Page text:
Andrew C. von Eschenbach, M.D ., 70, joined our Board of Directors during November 2011. Dr. von Eschenbach is the President of Samaritan Health Initiatives, Inc., a health care policy consultancy, and is an Adjunct Professor at University of Texas MD Anderson Cancer Center. From September of 2005 to January 2009, Dr. von Eschenbach served as Commissioner of the Food and Drug Administration. He was appointed Commissioner of the FDA after serving for four years as Director of the National Cancer Institute at the National Institutes of Health. Dr. von Eschenbach earned a B.S. from St. Joseph’s University and a medical degree from Georgetown University School of Medicine in Washington, D.C. Dr. von Eschenbach serves on the Board of Directors of Elan Corporation, plc.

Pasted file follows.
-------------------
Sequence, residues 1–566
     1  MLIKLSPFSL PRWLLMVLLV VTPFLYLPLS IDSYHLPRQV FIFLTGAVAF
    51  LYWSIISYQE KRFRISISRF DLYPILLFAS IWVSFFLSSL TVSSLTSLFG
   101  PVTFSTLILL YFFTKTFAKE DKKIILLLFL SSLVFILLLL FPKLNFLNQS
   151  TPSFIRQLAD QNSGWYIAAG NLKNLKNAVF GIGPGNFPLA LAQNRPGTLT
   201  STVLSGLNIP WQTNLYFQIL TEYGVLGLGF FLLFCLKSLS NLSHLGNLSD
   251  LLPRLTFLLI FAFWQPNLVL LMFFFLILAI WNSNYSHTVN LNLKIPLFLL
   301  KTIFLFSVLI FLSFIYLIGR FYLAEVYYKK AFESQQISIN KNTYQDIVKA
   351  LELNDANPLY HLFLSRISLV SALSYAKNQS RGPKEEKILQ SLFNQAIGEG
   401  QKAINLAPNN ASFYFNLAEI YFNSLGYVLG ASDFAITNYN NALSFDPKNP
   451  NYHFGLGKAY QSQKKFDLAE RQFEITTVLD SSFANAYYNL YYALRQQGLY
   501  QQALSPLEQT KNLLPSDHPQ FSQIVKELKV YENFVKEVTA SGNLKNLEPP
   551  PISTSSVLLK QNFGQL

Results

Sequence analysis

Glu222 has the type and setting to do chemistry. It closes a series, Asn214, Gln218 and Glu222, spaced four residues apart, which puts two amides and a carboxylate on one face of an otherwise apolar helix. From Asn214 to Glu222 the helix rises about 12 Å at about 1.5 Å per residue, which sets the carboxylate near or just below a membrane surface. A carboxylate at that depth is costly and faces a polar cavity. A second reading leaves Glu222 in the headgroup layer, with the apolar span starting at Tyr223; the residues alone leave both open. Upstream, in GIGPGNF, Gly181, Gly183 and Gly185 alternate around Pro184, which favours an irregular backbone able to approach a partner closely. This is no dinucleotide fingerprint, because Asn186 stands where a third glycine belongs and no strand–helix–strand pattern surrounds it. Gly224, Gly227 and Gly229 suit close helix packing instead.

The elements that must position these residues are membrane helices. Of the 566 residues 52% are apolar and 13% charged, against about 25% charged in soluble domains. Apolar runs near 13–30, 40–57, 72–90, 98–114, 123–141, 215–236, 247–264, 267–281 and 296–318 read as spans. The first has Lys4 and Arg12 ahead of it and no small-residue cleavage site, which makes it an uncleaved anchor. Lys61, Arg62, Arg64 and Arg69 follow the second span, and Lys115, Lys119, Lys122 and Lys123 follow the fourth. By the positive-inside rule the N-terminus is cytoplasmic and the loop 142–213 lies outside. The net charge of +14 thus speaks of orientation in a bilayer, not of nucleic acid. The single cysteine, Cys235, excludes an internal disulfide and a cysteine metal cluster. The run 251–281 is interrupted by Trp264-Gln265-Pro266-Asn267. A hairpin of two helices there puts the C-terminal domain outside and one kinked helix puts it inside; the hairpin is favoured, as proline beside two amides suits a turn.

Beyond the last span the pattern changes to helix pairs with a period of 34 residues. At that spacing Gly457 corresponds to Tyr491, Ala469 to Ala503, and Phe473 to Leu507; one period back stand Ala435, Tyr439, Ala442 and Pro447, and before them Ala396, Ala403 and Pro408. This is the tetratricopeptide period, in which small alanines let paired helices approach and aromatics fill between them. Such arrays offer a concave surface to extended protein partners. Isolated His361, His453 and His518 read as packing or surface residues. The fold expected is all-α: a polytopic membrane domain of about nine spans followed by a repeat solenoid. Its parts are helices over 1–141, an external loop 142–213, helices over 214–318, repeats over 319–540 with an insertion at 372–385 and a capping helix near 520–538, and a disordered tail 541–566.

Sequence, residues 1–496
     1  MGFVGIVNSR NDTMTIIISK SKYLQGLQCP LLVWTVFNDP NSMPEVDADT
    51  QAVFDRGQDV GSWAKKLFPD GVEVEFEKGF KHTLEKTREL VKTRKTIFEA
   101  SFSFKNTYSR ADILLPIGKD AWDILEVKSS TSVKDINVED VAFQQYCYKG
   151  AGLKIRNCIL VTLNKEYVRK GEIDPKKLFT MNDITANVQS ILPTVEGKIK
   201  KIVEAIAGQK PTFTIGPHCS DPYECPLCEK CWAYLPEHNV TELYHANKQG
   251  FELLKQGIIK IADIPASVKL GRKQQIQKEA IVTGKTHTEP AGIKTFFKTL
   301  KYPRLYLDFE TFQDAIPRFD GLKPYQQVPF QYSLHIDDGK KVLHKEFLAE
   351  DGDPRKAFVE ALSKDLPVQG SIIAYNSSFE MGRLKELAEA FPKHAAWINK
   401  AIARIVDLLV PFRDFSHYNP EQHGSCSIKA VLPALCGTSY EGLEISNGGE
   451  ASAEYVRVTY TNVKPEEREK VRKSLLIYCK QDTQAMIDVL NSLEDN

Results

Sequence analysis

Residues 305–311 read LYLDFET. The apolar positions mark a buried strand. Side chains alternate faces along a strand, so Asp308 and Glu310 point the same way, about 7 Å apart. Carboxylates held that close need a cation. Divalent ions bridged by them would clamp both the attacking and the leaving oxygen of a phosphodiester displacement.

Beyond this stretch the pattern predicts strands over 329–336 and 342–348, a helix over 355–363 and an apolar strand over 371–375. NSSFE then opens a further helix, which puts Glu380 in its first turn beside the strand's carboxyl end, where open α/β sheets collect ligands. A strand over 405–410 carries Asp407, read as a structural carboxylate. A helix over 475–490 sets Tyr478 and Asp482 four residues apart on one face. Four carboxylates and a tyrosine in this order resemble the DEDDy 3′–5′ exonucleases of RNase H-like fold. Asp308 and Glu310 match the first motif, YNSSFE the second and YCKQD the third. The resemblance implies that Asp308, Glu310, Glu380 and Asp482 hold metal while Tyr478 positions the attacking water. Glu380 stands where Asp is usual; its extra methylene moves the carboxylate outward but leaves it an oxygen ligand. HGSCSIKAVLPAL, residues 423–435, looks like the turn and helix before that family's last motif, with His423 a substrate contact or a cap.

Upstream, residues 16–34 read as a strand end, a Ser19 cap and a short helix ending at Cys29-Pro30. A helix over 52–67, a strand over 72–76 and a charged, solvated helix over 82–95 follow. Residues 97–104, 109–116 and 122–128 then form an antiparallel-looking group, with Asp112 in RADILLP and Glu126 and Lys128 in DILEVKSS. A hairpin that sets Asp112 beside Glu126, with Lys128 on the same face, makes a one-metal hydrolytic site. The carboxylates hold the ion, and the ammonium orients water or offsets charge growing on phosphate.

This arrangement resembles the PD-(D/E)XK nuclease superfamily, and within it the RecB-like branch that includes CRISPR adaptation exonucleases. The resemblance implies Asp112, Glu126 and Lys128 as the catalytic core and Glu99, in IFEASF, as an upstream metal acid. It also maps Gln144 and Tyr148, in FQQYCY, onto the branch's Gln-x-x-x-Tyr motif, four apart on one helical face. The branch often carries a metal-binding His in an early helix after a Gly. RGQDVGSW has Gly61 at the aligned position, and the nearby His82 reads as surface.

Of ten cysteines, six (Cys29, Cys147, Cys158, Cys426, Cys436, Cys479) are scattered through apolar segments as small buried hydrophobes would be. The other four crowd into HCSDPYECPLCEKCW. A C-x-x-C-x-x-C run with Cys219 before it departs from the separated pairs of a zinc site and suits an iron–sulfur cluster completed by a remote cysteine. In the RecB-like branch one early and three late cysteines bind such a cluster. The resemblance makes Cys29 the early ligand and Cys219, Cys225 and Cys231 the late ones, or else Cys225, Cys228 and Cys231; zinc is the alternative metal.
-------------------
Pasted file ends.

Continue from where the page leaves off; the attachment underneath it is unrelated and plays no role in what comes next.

Dr. von Eschenbach is an internationally renowned cancer specialist and author of more than 300 scientific articles and studies, and also was a founding member of the National Dialogue on Cancer. Under his leadership, the FDA experienced dramatic increases in resources enabling implementation of many new programs designed to strengthen the FDA in its mission to protect and promote public health. Dr. von Eschenbach previously served for over three decades as a physician, surgeon, oncologist, and executive in the healthcare industry. His roles have included serving as Chairman of the Department of Urologic Oncology and Executive Vice President and Chief Academic at the University of Texas MD Anderson Cancer Center in Houston. He also serves on the Chugai Pharmaceutical International Advisory Council; the GE Healthymagination Advisory Board; the Scientific Advisory Board of Arrowhead Research Corporation; and the Johnson & Johnson Corporate Office of Science & Technology External Scientific Advisory Board. He is also Senior Fellow at the Milken Institute, Director of the FDA Project at the Manhattan Institute; and serves on the Expert Oncology Panel at GSK Oncology.